Friday, January 3, 2014

Travel and Food Notes Resolutions: Lessons I've Learned This Past Year

As I travel from country to country and city to city, I always take notes about things I should never do again, or things that I'd like to share with my fellow travelers and diners. Here are ten "rules" I plan to put into action during my next travels:

* Do not stop at the transportation desk at a foreign airport.  These desks are often fronts for time shares or other high-pressure activity centers, with transfers to your hotel only a secondary consideration.  Rather, arrange your transfers in advance, and know exactly how and where to meet the person who will take you to your hotel.
 
* Always change at least $100 at the airport. This will tide you over until you can get to an ATM or a hotel-based change facility which will give you more favorable rates. Still, you need to have some local currency in your pocket should an emergency arrive before you get to your hotel.

* Be careful when using your smartphone. Call your service provider before you leave and arrange a global package for the days you plan to be out of the country.  Then, importantly, try to use WiFi wherever possible to access your mail. Turn off your cellular service and restrict any contact to voice messaging. Data access charges will kill you. I kid you not.

* Pack a package of Pepto Bismol chewables and carry it with you at all times.  Think of it as a cocktail that you take daily as a prophylactic to keep you healthy.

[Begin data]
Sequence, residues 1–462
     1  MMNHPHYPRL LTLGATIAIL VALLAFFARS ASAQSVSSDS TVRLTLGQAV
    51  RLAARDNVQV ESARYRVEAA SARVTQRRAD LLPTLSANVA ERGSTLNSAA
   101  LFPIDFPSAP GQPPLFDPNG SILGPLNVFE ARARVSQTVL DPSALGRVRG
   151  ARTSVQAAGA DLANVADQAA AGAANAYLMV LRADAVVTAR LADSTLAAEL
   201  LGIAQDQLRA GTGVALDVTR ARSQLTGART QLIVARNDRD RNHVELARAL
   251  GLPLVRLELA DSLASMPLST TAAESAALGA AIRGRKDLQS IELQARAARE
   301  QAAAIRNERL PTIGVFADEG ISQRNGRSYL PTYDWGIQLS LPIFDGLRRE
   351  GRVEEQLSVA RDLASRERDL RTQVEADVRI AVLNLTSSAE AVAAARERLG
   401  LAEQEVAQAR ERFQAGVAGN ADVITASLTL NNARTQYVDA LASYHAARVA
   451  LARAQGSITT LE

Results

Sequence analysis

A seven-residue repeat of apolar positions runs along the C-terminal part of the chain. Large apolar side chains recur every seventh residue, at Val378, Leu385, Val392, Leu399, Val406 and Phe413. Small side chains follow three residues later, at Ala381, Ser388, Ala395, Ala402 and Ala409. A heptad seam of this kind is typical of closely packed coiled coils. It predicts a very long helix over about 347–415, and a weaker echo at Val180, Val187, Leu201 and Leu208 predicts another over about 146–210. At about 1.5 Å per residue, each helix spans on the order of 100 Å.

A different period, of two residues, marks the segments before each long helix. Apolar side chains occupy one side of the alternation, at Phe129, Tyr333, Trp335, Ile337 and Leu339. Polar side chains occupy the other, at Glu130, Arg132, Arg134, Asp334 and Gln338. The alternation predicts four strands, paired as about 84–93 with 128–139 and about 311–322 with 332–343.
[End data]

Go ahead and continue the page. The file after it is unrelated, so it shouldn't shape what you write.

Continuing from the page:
* Seek out concierge advice, but only after you've done your own pre-trip homework regarding restaurants and activities Use their services to help you decide among options, rather than to give you their recommendation; you'll get much less biased advice if you're already somewhat educated.



* Before you leave for the airport, call your banks and credit card providers to let them know that you'll be traveling abroad.  This way they can monitor any fraudulent activity on your cards, and, importantly, it will allow you to use your cards while you're away.

* Always check the clock in your hotel room.  Very often, the time is wrong.  And, worse, the guest before you might have set the alarm to go off at an hour that could make you very very unhappy. 

* Travel light. Lay out everything you're thinking of packing, and discard at least one third of it.  You can wear things more than once and you can minimize the number of shoes you bring. Better still, pack clothes that you can give away or throw away so you will have room for local purchases.

* Bring some favorite snack foods. Not all airlines or hotels offer food during off-hours.  You'll be happy to have a package of peanut butter crackers or an energy bar when you wake up jet lagged at 4am. 

* Learn a minimum of phrases in the local language.  "Can you help me?" is a good one to begin with.  "Hello, thank you, please" are other noble additions. Flash a smile, and you'll make friends instantly.

* Confirm and reconfirm all plane, meal, and return transportation reservations when you arrive at your hotel.  There's no easier way to ruin the karma of a good trip than with a stressed-out run to the airport when your transfer doesn't show up.

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